Excellent. I can have my experiment paused at any stage by just cover and lock the project box. All the wiring and components are undisturbed. Open the box and the project can be continued. Now, I can have my hardware “saved” and “opened” just like the software codes.
The current electronics are not robust enough. In moving the components over to the new housing, things are coming apart, soldered connections are failing, etc. There’s not really enough space in the box so everything’s crammed in and nothing has any strain relief so the cramming-in is causing failures.
There are two options:
- Replace the current nest of wires with a custom-made shield.
- Replace the entire thing with a standalone Arduino – one board that includes all the supporting circuitry
Either way, I think I should also move away from the two relays currently used to control the bang and the siren and just use transistors instead – I’m not sure why I didn’t do that the first time.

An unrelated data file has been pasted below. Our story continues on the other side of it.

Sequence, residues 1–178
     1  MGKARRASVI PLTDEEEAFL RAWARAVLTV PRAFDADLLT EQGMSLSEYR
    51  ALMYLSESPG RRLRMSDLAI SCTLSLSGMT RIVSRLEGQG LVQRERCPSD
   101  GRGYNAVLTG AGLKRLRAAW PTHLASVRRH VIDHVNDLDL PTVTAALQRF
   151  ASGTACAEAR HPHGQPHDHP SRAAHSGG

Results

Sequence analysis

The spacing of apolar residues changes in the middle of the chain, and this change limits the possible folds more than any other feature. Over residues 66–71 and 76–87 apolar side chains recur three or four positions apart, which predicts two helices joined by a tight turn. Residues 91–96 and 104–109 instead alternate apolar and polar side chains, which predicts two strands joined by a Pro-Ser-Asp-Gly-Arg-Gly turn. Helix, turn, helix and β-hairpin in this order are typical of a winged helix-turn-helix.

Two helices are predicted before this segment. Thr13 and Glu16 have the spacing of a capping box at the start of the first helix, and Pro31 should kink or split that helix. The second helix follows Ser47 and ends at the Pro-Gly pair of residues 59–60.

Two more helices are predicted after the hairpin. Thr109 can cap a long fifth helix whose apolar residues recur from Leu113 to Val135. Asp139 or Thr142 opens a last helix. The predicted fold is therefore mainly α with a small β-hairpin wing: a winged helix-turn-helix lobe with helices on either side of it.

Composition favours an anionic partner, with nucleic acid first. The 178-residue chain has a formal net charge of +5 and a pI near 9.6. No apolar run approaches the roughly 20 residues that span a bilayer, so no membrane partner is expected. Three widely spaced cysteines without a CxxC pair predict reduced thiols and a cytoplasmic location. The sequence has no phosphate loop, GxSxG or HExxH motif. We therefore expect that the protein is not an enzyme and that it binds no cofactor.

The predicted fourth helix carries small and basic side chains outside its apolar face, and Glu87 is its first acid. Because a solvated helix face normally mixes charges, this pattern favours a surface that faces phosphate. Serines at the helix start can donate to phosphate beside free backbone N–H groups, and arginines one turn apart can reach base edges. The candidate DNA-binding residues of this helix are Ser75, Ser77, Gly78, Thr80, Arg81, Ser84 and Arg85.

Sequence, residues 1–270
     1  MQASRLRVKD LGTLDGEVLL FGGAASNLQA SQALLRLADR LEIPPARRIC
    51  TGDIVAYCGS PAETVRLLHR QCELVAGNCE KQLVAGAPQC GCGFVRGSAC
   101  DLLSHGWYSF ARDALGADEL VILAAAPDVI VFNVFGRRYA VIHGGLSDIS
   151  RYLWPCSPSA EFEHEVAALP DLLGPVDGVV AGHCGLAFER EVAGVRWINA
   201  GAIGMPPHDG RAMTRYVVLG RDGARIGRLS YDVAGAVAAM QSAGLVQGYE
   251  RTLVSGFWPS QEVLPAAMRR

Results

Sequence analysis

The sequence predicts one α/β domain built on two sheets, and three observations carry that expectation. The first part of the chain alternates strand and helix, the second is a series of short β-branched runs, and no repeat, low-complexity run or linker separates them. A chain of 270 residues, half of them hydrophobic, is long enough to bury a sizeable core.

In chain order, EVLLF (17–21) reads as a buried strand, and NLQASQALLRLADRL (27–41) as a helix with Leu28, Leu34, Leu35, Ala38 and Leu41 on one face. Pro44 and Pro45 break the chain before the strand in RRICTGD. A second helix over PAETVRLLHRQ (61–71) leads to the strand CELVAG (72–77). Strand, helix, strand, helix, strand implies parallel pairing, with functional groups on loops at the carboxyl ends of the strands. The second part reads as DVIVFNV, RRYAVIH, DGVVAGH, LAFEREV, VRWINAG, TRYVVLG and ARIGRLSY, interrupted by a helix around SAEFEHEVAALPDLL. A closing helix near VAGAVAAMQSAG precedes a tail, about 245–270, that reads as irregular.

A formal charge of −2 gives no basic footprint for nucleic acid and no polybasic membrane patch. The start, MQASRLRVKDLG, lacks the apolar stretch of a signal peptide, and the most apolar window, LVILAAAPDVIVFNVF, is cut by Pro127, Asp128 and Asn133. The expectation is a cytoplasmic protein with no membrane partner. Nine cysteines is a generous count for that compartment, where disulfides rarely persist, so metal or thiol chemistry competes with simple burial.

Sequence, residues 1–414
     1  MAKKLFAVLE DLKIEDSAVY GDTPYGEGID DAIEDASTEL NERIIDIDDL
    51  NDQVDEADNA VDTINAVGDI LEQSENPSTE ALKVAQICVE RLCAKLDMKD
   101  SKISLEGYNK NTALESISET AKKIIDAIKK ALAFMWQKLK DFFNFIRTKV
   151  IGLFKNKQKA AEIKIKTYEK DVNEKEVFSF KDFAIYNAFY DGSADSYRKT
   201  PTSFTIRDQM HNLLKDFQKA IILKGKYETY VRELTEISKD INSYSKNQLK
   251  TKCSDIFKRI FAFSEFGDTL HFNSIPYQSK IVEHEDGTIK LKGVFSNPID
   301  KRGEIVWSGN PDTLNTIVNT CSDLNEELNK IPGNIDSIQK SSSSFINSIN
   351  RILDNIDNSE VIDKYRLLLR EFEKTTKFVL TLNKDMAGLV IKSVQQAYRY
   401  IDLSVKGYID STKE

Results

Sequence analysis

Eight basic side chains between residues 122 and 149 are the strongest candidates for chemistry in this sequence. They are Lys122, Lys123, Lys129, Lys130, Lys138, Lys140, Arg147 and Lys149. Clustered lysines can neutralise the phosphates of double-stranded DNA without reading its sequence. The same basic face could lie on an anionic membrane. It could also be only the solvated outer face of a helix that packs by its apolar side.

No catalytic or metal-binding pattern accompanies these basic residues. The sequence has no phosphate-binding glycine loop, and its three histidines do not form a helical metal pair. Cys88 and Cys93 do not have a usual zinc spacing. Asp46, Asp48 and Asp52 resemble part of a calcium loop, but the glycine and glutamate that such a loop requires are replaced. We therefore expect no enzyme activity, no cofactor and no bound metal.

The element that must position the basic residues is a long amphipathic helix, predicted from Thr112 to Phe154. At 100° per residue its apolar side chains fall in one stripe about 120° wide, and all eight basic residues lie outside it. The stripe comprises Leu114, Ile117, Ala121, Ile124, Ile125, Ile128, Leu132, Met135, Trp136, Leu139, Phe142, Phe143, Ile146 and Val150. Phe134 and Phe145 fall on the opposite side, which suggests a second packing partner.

The schematic I have is not actually right as the indicator light has a voltage doubler to bring it closer to the required 24V. I should make a new one.
No data sheet for the central locking actuator and nothing much came up on googling. Attempted to measure peak curtent with multimeter that has no peak function… the highest value I saw was about 2.5A, so let’s assume 3A@11.1V. This probably requires a MOSFET to switch.
Siren is 350mA@12V according to the datasheet.
- How to use a transistor as a switch – useful guide to the required calculations
- How to use a mosfet as a switch – ditto, as the actuator (probably) requires more than a transistor can safely switch
- Making a custom shield
- Data sheet for the siren
- Schematic for powering an arduino using an LM7805
- Perfboard arduino, also, building an arduino on a breadboard
- Using an Arduino as an ISP, also includes a minimal circuit – no crystal
- Acrylic infra-red filters (data sheet)
- There are infra-red sensors but they are what is used in PIR detectors, they are expensive (£2.50 a go) and seem to require fairly complex supporting circuitry
- There are also infra-red receivers for remote controls. They are cheap and combine a sensor (perhaps a phototransistor?) with a pre-amp, and include daylight filtering. Possibly a good bet. Example (data sheet).
- Finally, bare phototransistors. Very cheap. From the datasheet it looks like they might allow more current to pass when exposed to more IR, which might be useful. Example (data sheet).
I tested a small solar panel by exposing it to IR, there was no difference at all in the voltage it produced. Though possibly other panels may work.